Encouraging Research

When one extremely negative study comes out against vaping, it seems like the entire mainstream media jumps on the opportunity to lampoon e-cigarettes as the next big public health crisis. It’s no wonder why then so many people believe there isn’t any research indicating that vaping is safer. But this is simply not the case. In fact, there’s tons of peer reviewed evidence that vaping is actually one of the best tools we currently have in the fight against smoking.

One of the most significant studies was released by Public Health England, the federal health agency for England. Originally published back in 2015, it looked at years of research and concluded that vaping is at least 95% safer than traditional cigarettes. Then just last October, a study was published in the Journal of Aerosol Science that found the excess lifetime cancer risk of vapers is around 57,000 times lower than that of a smoker.

On top of the evidence showing the dramatic harm reduction value of e-cigarettes, there’s also been a steady stream of information that concludes vaping is also one of, if not the best, smoking cessation tools we have. Researchers at the University of Louisville tested the success of several different smoking cessation methods, from cold turkey all the way to prescription drugs. They concluded that vaping was more likely to help a smoker quit for good than any other tested method.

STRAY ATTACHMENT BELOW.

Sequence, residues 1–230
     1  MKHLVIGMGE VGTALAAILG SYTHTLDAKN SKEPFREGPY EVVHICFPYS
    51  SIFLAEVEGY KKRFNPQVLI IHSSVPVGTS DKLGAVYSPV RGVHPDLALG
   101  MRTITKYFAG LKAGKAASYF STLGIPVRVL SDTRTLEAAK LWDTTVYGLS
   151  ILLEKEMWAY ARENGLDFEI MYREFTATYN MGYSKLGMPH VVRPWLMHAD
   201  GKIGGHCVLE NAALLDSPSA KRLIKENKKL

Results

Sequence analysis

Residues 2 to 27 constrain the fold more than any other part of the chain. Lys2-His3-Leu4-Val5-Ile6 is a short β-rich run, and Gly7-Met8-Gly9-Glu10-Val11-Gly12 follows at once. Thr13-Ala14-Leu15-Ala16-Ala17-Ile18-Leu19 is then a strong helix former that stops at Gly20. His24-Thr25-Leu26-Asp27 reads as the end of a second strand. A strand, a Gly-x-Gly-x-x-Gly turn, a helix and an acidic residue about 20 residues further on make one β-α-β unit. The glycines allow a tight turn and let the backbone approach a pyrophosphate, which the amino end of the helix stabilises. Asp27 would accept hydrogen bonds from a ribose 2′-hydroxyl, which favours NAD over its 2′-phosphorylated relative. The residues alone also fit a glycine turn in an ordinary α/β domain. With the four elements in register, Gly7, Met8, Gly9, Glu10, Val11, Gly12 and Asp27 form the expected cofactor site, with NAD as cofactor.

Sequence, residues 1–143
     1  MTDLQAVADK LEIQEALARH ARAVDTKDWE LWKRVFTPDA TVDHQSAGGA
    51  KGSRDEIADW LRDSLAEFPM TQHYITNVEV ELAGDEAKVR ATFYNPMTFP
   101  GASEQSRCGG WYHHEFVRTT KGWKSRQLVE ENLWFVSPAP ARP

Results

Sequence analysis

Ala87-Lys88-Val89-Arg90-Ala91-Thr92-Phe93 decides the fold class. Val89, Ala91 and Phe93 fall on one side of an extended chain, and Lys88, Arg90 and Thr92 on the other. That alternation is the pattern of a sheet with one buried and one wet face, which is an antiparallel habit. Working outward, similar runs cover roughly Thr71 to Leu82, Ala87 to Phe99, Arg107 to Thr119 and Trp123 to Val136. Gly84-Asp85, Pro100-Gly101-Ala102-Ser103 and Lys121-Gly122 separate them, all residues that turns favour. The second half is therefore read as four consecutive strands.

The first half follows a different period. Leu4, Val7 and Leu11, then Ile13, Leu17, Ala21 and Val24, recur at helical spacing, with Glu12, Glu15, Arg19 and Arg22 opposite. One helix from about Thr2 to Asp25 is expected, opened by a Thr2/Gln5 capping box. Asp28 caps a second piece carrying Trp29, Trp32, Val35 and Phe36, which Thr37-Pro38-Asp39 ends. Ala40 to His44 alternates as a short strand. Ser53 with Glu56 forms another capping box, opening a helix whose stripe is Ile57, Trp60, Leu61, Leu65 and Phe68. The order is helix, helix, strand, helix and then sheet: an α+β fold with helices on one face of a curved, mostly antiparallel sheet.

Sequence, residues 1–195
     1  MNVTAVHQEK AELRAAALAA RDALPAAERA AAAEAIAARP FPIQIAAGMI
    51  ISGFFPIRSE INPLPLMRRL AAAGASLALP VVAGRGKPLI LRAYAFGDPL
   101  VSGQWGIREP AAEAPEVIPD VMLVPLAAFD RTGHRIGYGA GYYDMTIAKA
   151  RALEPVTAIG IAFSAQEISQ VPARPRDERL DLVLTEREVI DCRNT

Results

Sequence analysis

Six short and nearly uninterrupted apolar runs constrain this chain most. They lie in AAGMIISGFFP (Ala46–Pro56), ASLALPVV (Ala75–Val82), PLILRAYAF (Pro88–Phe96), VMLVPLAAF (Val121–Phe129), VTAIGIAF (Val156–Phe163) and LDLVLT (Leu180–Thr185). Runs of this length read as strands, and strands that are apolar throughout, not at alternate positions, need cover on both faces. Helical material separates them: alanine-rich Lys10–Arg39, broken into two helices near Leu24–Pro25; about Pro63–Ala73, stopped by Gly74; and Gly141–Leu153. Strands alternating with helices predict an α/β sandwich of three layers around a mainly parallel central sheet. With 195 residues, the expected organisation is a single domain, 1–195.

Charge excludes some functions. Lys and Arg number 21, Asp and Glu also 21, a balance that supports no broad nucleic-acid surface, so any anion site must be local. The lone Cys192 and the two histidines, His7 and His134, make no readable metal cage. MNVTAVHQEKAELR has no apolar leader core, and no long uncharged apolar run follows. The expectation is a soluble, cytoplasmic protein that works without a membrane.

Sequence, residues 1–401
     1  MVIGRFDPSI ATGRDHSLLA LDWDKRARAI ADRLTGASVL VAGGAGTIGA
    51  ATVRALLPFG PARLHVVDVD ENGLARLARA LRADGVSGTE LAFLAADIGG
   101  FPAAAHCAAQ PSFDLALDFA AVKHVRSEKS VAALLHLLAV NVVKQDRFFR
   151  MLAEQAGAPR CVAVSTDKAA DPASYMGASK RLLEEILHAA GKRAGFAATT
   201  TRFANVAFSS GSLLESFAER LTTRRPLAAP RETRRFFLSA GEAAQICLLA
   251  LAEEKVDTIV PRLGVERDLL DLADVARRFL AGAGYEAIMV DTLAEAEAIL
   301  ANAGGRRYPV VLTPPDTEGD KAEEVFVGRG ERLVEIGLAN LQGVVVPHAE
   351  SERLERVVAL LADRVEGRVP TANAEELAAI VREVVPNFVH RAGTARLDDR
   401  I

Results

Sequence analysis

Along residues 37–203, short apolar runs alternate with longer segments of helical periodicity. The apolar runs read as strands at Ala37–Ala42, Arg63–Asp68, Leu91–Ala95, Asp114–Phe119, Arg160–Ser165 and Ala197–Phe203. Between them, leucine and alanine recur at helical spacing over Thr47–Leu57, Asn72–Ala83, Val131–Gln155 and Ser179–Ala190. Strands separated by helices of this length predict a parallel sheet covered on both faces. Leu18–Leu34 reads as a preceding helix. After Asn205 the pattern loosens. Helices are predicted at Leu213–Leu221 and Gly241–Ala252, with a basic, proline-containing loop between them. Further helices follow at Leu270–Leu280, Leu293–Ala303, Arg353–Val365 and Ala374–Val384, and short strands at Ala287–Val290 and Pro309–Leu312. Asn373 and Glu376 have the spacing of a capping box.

Implications

It’s a real shame that a single inflammatory study can cause such a stir in the media. Especially when there’s been so much positive research published that goes essentially unreported. What makes it even worse is when negative studies suffer from clear and obvious flaws but are still touted as the gospel. A recent study out of Georgetown found that over five million smokers lives could have been saved across the US if they had made the switch to e-cigarettes. Meanwhile, studies like the toxic metals report are only making it harder for legitimate and positive research from gaining any traction. If we as a society truly value ending the smoking epidemic once and for all, we should be focused more on improvements than selling the most newspapers or getting the most clicks. This is purely and simply a public health issue, and one of the best tools we have to combat it shouldn’t suffer from baseless scrutiny. We must improve the public perception of vaping if we sincerely hope to accomplish anything.

Did you hear about the “toxic metals” study, if so where? Do you think it’s easier to sell negative stories than positive ones, if so why? What can we do to convince the general public that vaping is a much safer alternative to smoking? Let us know what you think in the comments, and don’t forget to check back here or join our Facebook and Twitter communities for more news and articles.